Steve Jobs' health doesn't matter

I like Steve Jobs. I like, despite my open-source leanings, many of Apple's products such as Macs, iPods, and the Apple TV. I hate to think that Jobs' health has taken a turn for the worse. But, whether his health has gone downhill or not isn't really what important to the worlds of technology and business. What's important is that, by not showing up to make the keynote speech at Macworld, Jobs appears to no longer be at Apple's helm.

With Jobs at the wheel, Apple became the master of design. It's not that Apple always brought something new to the table. Portable music players, for instance, had been around for ages long before the iPod took the world by storm. What Jobs did always bring was an eye for quiet, graceful looks that combined function and appearance into a single harmonious whole. No one, but no one, else has been so successful at that in either computing hardware or software.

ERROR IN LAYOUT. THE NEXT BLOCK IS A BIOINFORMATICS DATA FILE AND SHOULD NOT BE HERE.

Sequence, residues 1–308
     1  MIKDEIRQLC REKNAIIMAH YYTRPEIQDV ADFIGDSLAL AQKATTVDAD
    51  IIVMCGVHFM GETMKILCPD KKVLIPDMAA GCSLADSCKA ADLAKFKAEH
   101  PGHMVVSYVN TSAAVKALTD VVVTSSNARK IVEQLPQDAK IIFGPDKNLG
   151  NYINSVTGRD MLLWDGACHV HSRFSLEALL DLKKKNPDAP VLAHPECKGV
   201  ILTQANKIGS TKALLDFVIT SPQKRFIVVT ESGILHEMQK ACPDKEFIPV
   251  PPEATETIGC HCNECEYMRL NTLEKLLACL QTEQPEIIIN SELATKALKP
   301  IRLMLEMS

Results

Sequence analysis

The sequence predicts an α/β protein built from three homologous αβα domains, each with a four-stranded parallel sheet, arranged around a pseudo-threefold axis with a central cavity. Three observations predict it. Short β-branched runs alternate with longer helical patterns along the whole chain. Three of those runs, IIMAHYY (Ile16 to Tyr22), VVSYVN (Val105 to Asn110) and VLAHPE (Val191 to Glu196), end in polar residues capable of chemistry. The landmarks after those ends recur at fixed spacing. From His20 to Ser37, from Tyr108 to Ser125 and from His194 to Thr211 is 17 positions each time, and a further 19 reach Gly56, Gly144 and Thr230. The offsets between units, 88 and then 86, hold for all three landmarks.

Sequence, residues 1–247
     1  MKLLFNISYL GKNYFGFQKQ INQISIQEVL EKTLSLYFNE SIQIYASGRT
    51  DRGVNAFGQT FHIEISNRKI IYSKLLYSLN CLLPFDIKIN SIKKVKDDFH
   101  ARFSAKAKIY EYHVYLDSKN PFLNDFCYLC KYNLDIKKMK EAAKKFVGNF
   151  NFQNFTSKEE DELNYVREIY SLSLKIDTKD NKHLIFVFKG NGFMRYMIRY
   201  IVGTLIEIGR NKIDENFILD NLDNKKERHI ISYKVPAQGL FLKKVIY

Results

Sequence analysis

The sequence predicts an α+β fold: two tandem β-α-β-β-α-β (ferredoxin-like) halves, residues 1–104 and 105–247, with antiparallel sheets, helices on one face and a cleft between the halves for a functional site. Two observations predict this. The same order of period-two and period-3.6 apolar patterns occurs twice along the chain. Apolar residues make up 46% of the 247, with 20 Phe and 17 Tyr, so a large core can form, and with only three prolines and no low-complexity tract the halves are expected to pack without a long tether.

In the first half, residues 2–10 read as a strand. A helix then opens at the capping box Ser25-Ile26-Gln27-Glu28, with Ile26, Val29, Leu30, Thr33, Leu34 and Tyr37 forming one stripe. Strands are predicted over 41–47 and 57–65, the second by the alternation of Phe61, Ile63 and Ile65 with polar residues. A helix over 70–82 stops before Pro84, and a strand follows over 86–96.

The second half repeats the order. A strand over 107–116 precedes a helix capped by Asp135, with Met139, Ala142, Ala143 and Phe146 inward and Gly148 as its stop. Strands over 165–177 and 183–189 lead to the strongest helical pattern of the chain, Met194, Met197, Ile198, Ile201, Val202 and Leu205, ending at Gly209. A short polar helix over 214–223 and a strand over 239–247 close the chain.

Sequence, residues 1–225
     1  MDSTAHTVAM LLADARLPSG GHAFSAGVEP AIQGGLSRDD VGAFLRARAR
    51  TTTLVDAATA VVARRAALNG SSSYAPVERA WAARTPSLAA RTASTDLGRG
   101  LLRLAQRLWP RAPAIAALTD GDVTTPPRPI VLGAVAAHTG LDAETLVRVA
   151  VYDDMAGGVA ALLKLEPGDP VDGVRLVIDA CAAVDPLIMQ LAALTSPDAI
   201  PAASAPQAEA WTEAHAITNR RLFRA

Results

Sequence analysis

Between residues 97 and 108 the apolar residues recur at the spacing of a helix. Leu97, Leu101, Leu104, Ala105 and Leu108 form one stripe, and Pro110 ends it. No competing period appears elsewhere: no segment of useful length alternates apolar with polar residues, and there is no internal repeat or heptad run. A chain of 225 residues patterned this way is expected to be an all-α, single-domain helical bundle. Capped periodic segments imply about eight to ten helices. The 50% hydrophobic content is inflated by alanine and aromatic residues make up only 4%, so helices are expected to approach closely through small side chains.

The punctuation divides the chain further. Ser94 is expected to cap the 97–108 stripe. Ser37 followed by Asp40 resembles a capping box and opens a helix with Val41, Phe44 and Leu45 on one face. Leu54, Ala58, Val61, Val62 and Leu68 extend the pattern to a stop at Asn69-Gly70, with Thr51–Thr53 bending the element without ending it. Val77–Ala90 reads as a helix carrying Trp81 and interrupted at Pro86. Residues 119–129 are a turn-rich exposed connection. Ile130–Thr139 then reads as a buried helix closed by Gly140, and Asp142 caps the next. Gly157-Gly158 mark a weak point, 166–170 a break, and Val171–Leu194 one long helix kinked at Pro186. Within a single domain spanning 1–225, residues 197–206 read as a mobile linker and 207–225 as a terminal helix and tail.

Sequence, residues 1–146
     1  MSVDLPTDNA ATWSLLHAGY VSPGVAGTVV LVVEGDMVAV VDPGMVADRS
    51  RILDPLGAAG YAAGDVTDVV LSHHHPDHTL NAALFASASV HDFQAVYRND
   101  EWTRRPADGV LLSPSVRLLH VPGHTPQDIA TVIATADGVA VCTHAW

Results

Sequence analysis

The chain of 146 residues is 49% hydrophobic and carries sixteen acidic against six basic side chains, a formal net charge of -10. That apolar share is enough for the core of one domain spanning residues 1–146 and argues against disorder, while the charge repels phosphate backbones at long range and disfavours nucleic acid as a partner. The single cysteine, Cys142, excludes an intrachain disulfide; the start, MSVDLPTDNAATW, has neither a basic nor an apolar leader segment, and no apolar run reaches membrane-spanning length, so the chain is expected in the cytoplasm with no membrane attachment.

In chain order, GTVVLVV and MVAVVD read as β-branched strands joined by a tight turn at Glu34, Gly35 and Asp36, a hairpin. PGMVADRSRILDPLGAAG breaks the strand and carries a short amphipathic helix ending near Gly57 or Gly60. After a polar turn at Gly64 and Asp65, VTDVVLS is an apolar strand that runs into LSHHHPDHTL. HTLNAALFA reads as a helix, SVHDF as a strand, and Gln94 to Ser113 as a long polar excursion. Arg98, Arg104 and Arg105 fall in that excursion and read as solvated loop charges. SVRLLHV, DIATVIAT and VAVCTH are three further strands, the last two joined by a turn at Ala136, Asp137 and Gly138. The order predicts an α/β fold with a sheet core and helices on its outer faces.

Gimlet-eyed stock holders might not see the beauty in Apple's designs, but they have seen how Jobs turned a company around from near irrelevance to a technology stock gold-mine. Is there anyone besides Jobs who could step into his shoes and convince an already frightened market that Apple will be as great as ever? I doubt it.

Apple's friends are spinning away that Jobs is staying away because of politics, without any real explanation as to what those politics might be. Conflicts with IDG World Expo, the company behind Macworld? That seems silly. Apple's already leaving. What would be the point?

Could it be that Apple wants to hide a decline in his health? By not showing up, all Apple has done is fuel endless online speculation about his health. It would be better for Apple if Jobs showed up, if need be, in a wheelchair, perhaps in Dean Kamen's iBOT - it even has the right name!-- tricked out with Apple hardware, than to simply not be there.

No, all that really matters here is that Jobs, the master of control, doesn't appear to be in control. The reasons for this don't matter. If Jobs isn't seen at the ship's bridge, we don't see Steven Jobs' Apple, we see just another technology company. And, that is not the message that either Apple's users or investors want to see.

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